November 16, 2017

3 legal tips for startups allocating shares to an investor

Useful tips from a lawyer for startups for allocating shares to an investor. 

4 tips for startups allocating shares to an investor

Updated: 8 December 2019

After talks with a potential investor for your startup,  they may give you a term sheet or memorandum of understanding  (MOU) including the key terms for investment.

At this point, it is a good idea to get your own accounting and legal advice for your startup.

In this article we cover legal tips for allocating shares to an investor.

1. The term sheet or Memorandum of Understanding (MOU)

This document will have the key terms for the investment in your startup and these terms may include:

  • voting;
  • director nomination; and
  • cap for employee share option plans (ESOP).

2. The legal agreements

The legal agreements will include a share sale agreement and a shareholder agreement.

A lawyer can help you ensure that the key terms  in the term sheet or MOU are built into your legal documents. 

The share  sale agreement will outline the terms for the sale including:

  • capital and share allotment;
  • any phasing of share allotment;
  • completion date (date ownership of shares transfers);
  • GST; and
  • termination.

The shareholder agreement outlines the rights and responsibilities of shareholders and includes:

  • voting;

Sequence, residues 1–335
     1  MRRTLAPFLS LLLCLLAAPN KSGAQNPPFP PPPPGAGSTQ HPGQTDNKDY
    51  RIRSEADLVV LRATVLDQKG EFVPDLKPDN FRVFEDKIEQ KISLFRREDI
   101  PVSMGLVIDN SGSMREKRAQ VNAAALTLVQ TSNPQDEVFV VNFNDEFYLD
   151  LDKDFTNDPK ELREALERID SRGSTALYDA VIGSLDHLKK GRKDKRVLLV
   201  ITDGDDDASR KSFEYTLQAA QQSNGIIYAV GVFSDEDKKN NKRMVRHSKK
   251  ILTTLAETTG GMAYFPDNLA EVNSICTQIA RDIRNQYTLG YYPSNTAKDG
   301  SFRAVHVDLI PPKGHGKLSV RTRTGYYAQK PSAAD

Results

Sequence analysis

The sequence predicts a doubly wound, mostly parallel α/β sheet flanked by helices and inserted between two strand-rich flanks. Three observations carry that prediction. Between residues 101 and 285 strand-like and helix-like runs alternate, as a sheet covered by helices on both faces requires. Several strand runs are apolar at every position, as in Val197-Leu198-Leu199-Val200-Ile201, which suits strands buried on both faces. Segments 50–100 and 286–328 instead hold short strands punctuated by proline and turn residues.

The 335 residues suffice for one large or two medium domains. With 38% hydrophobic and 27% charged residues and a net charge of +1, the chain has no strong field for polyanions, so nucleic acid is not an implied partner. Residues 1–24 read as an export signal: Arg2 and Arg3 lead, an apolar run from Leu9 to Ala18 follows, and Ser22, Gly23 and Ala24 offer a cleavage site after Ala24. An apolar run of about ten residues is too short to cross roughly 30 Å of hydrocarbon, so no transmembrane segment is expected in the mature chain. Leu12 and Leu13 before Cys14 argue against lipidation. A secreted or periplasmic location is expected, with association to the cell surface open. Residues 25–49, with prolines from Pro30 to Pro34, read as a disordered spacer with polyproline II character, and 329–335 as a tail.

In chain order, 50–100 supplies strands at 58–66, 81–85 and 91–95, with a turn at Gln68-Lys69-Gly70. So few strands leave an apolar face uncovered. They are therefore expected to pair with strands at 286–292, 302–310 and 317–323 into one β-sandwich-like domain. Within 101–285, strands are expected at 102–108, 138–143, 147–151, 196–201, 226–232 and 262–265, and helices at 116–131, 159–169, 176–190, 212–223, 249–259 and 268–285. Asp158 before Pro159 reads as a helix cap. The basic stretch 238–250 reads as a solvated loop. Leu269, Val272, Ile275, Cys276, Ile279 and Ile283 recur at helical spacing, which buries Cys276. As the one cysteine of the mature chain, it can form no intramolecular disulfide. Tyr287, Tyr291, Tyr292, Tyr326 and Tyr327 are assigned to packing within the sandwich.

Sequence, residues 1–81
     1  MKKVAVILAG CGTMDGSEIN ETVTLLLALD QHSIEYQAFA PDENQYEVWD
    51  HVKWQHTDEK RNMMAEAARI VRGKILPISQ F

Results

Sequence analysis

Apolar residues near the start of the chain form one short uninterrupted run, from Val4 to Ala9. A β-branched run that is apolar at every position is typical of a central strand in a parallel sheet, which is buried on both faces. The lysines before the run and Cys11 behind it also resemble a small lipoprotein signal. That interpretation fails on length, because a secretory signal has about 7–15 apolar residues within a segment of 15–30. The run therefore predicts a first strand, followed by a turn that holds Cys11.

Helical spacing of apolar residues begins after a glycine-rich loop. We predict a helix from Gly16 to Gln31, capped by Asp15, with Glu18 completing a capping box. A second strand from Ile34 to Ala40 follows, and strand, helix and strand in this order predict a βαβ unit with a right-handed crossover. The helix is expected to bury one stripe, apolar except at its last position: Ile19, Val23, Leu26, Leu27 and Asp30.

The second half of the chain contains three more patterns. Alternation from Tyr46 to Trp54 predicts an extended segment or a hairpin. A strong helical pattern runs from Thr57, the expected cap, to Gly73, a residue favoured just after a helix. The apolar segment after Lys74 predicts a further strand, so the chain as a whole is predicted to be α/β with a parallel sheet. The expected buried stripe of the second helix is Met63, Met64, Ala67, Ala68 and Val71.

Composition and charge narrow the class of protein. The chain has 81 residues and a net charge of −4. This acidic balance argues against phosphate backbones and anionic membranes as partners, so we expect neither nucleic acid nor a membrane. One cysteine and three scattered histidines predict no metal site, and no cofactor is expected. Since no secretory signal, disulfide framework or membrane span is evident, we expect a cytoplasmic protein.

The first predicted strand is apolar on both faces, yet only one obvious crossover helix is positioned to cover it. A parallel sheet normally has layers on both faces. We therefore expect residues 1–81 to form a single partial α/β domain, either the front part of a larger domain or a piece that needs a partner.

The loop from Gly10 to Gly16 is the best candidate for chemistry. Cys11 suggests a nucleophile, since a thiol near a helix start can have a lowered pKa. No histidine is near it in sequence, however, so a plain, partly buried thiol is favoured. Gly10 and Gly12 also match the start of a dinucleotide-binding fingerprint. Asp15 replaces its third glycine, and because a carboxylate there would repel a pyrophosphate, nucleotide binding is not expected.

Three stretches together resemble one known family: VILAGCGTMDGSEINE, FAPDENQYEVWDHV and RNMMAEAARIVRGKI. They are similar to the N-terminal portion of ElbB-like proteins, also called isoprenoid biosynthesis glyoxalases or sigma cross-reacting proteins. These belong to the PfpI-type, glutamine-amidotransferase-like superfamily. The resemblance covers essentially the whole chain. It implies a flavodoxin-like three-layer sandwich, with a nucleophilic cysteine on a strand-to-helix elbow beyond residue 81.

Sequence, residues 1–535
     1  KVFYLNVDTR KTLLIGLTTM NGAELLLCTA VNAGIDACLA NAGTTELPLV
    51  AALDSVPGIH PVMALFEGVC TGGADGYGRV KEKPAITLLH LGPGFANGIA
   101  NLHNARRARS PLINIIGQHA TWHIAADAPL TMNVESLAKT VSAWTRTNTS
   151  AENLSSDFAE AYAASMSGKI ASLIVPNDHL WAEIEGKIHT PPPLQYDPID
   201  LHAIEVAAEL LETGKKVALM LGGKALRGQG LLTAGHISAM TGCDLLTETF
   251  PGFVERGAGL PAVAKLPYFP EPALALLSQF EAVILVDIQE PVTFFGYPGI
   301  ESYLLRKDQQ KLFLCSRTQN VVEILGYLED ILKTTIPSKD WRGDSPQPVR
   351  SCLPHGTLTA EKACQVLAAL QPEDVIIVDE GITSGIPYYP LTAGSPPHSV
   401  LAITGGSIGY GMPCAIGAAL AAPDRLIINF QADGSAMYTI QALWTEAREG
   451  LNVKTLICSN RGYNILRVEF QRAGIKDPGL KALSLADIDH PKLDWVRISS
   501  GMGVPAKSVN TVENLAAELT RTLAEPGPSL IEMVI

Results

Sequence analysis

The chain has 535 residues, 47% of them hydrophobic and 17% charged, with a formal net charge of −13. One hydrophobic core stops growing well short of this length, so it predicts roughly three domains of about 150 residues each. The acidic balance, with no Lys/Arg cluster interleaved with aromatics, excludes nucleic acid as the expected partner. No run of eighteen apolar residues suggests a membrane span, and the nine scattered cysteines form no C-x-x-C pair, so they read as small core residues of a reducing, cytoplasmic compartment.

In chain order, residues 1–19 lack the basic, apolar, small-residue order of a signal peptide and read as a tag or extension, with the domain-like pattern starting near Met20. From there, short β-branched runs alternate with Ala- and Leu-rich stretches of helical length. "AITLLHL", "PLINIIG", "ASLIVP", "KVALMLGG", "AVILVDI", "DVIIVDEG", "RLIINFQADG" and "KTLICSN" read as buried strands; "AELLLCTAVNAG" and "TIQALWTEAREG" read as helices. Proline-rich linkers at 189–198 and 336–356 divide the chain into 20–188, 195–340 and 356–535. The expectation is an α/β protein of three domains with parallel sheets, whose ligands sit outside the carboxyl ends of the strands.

• board meetings;
  • appointment of directors;
  • further financing;
  • budgets and financial information;
  • confidentiality;
  • non competition; and
  • dispute resolution.

3. Harsh terms

A lawyer can help you review your term sheet, shareholder and share sale agreement and advise you of any harsh terms. Harsh terms may include:

  • a requirement to wind up your company in the event of a decision deadlock;
  • voting restrictions;
  • unreasonable restrictions on external capital raising;
  • excessive decision making rights for investors that are not proportionate to their investment; and
  • terms that do not align to original discussions, term sheet or MOU.

4. Share registration 

You will need to register the share sale with ASIC and you can find out more about this step here.

Got questions or comments about allocating shares? Leave them below. 

I wish you success in your ventures!

About the author 

Vivian Michael

As founder and lawyer at Michael Law Group, Vivian advises Australia's top entrepreneurs on business and employment matters. Clients benefit from Vivian's commercially focussed and pragmatic legal advice, business experience, and commitment to deliver the best quality business legal services to her clients.

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